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"Man is a part of nature, but he has taken advantage of it for his benefit. Previously, man had been a part of nature; today, he was the exploiter of nature... Man and nature are two things, and man is the master." (White 8)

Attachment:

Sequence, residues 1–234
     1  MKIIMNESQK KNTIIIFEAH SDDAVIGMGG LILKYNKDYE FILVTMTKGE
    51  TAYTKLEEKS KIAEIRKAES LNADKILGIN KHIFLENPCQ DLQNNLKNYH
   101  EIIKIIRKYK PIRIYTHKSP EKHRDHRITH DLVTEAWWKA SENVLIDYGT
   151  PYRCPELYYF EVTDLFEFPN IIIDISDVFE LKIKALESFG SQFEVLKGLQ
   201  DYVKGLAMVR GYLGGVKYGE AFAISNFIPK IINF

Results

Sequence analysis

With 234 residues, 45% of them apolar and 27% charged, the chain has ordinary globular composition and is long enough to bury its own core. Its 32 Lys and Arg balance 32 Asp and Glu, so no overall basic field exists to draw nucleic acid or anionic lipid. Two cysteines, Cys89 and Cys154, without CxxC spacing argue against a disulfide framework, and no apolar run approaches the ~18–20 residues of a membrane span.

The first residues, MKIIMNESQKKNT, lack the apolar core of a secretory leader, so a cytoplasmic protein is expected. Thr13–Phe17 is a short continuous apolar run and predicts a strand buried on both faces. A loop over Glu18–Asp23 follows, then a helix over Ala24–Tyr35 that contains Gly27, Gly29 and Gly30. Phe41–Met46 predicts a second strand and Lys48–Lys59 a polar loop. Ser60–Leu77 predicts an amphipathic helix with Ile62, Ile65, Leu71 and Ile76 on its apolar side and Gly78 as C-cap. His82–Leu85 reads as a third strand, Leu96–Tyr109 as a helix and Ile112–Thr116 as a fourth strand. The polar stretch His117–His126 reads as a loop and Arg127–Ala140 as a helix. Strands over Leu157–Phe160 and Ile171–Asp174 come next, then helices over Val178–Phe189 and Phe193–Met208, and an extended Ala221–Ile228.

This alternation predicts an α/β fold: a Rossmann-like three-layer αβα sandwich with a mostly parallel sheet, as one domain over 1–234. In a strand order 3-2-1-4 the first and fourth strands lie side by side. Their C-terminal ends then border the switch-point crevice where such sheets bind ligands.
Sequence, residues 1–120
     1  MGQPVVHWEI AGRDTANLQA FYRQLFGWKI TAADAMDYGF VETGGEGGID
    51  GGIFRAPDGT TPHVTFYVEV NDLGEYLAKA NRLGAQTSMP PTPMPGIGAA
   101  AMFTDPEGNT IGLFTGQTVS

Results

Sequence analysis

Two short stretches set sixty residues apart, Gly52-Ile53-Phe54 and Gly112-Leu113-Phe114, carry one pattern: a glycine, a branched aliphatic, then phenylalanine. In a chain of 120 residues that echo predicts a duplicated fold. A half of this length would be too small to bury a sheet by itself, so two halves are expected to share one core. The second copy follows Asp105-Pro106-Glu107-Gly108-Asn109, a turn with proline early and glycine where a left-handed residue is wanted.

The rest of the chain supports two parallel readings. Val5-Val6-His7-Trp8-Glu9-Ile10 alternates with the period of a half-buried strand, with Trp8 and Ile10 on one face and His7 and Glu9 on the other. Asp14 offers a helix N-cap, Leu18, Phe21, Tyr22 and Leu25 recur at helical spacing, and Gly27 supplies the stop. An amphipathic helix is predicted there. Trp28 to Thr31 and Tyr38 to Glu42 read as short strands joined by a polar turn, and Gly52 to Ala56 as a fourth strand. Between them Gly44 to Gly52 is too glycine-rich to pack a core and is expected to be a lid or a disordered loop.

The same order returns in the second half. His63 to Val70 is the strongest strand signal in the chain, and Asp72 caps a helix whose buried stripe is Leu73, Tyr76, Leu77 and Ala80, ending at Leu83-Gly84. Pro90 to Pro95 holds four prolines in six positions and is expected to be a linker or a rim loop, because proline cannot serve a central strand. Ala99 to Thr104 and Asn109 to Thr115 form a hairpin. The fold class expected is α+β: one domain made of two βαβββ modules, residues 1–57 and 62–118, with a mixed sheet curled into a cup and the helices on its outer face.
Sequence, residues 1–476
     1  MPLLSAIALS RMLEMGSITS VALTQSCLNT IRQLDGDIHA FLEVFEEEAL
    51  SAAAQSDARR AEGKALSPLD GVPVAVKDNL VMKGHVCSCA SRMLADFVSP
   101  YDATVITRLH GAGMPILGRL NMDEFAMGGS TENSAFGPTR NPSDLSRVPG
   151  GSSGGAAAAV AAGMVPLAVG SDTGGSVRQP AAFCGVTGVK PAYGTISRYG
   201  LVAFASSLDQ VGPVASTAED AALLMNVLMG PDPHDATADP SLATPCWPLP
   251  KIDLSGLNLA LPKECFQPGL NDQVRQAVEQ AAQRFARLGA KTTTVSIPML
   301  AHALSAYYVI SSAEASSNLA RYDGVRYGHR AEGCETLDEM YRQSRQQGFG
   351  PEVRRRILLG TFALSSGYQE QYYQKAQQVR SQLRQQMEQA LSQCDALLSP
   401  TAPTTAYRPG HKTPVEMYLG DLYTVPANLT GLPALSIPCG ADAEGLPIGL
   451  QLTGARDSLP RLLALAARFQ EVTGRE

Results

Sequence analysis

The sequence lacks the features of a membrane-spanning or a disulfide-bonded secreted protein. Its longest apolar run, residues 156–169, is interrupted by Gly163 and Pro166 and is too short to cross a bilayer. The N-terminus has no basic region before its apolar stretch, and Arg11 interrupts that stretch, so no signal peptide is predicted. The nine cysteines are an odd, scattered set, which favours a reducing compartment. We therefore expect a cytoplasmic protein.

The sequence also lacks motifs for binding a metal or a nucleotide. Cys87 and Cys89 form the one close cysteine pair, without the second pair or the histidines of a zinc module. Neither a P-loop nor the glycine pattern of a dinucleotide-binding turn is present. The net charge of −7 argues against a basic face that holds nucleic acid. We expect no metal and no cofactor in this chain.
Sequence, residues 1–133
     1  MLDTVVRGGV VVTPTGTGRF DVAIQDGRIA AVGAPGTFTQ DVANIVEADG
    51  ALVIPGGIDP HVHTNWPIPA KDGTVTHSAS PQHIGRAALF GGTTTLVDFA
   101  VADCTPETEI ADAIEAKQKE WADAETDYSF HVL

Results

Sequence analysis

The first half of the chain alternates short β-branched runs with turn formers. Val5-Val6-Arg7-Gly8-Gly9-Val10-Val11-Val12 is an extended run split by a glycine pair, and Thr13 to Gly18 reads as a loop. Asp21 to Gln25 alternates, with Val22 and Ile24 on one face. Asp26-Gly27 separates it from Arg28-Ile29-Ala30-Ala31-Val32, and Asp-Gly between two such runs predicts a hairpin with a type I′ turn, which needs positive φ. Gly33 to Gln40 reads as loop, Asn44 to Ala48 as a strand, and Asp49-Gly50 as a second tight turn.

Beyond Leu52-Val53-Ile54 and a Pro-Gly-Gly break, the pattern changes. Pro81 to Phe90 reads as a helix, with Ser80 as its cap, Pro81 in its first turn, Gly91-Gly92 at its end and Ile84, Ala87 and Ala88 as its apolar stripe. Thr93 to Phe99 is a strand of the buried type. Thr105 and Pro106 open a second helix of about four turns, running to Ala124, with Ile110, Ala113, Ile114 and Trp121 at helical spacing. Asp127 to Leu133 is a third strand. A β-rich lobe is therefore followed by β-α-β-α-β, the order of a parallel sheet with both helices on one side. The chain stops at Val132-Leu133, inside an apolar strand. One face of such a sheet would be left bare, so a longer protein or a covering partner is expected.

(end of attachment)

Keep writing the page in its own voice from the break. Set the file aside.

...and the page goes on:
As a result of environmental degradation and its negative influence on animals, plants, and humans, environmental studies began in 1960 and are now widely discussed in all corners of the globe. Ecocriticism is an essential topic in all fields of study, including philosophy, literature, science, and the arts. The book chosen for this article emphasizes environmental deterioration and shows human intervention, technological advancement, and conflict as causes of environmental damage. Ecological imperialism is backed by the British, who believe in anthropocentric thinking, described as the deliberate abuse and modification of nature for business purposes. In his novel, Sea of Poppies, Amitav Ghosh emphasizes how environmental degradation has occurred due to excessive exploitation of nature by the British, who profit from the illegal cultivation of opium. Economic, social, physical, political, and environmental changes occurred among the aboriginal inhabitants throughout imperial control, resulting in changes in their traditional occupation and habitat. Under British rule, wheat, beans, and other food supplies were utilised for opium cultivation. It swept through large regions of India, causing crop cycles to be disrupted. This hurts natural land use and life. In Sea of Poppies, a study has been proposed to sketch the crash of imperialism on both the people and the atmosphere, looking at the negative consequences of imperialism on indigenous people, flora, and wildlife. In addition, the nexus of ecocriticism and postcolonial theory in Sea of Poppies is addressed, with a focus on Huggan and Tiffin's theoretical frameworks to emphasize that colonialism in India not only impoverished the original people but also adversely devastated the ecology.